Many developers have been going darker with the tones of stories lately. It's time we stop asking definitively if this is a good or bad thing and consider the artistic value at hand.
Hundreds Review: A Numbers Game That Won’t Make Your Brain Bleed…Sort Of
Thanks to failing math multiple times in High School and College, I tend to stay far, far away from games involving numbers or logic as the main mechanism of gameplay. Because of that, I was skeptical about Hundreds and whether or not it would be a game my math-challenged brain would be able to handle.
To my surprise, it was a game about numbers, without really being about numbers. But it still manages to be incredibly challenging.
The main goal of Hundreds is introduced in the very first level. A circle with the number zero sits in the middle of the screen. Tap and hold it, and the number inside increases as the circle grows in diameter until the number hits 100. Once you manage to reach 100, you’ve passed the level.
After that, each level introduces new mechanics, such as bubbles to pop, multiple grey circles whose numbers collectively add up to 100, sawblades that take away all of the circle’s growth, and even circles that must be activated simultaneously using two fingers. Management and strategy is key in Hundreds, as you’ll be forced to start the level over if two circles collide while you’re growing them.
It sounds somewhat complex, but the game does a fantastic job of seamlessly introducing new mechanics and allowing you to learn them without ever giving you a formal tutorial. You’re forced to figure out how to beat a level simply by way of trial and error, with many different solutions to the puzzle itself. It’s unique and challenging with maddening difficulty spikes throughout. But despite the fact it gets incredibly difficult, it still manages to retain an addictive quality that will tempt you to try a level over again and again as you attempt different strategies in order to reach 100 and clear the level.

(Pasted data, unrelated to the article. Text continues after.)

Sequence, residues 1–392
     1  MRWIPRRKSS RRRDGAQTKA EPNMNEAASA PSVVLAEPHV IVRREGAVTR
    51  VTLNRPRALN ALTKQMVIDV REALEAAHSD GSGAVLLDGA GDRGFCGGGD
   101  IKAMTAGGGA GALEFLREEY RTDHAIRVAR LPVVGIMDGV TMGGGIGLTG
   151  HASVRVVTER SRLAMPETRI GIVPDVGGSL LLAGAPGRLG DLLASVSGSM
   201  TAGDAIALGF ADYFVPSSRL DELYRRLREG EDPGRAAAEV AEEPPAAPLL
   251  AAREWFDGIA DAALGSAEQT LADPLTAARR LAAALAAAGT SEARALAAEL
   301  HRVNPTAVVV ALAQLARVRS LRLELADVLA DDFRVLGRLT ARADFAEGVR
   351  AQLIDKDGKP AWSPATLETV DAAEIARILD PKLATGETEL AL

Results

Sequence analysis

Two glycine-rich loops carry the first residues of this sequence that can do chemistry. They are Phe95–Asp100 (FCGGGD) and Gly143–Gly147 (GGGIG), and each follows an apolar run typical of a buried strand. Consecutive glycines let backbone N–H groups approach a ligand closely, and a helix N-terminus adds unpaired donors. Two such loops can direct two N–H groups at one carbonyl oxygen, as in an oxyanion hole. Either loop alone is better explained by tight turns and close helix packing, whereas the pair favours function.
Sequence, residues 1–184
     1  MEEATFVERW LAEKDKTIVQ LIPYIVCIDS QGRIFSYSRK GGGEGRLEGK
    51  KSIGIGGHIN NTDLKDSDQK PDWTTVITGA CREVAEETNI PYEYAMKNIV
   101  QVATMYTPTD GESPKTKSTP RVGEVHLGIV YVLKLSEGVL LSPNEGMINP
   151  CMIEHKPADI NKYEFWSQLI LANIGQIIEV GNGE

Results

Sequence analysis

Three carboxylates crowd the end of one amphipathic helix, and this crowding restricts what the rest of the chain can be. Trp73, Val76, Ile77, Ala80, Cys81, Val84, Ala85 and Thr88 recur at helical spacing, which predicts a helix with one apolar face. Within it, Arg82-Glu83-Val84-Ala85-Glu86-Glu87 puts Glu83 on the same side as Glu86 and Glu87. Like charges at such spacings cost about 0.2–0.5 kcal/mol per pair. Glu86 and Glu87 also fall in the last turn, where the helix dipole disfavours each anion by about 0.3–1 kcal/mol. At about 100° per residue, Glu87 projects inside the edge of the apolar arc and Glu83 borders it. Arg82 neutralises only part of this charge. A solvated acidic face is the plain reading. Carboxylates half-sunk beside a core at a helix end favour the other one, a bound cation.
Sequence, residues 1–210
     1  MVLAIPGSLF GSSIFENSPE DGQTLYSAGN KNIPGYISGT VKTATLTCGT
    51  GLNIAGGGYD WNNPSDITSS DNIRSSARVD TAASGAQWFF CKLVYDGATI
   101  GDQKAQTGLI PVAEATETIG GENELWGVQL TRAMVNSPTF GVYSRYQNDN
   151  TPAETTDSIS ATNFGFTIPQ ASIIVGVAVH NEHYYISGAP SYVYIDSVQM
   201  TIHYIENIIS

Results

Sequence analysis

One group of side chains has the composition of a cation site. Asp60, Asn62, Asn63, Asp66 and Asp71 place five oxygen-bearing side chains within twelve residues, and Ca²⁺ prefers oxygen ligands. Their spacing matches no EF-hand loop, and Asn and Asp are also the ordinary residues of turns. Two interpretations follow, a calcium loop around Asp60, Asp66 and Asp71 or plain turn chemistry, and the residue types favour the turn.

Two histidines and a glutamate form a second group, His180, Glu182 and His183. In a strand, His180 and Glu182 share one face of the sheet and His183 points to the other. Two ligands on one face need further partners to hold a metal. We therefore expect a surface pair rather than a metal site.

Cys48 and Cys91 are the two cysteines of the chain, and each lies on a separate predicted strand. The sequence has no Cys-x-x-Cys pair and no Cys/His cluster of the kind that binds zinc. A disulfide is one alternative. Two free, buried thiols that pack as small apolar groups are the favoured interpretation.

The entire game is presented with a slick visual style and clean interface, using greys, blacks, and reds to color the overall aesthetic. The game’s physics are impressive and consistent, and it’s encouraged to take the game’s advice and wear headphones while you’re playing, as the sound design is well done and lends some satisfaction to the gameplay.
Those playing it on iPhone beware; the smaller screen of the device will take away from some of the accuracy needed to successfully compete levels. This game is one that is probably best experienced on the iPad itself if you want the best shot at beating it. It’s not unplayable by any means, but get ready to grit your teeth and growl incomprehensible swear words when you manage to fail a level because of your fingers getting in the way.
Hundreds is a number game, but not in the traditional sense. It’s an approachable numbers game that anyone can play and enjoy, so long as they’re patient and willing to deal with a challenging puzzle game. It’s not one that will make your brain bleed thanks to math overload, but there’s a good chance you’ll be tempted to toss your iOS device across the room a few times. Despite its difficulty, however, it still manages to be a clever, interesting, and unique game fans of both mobile and puzzle gaming would do well to give a try.
(Note: This review was conducted on an iPhone after five hours of gameplay. The copy was purchased off the app store by the reviewer.)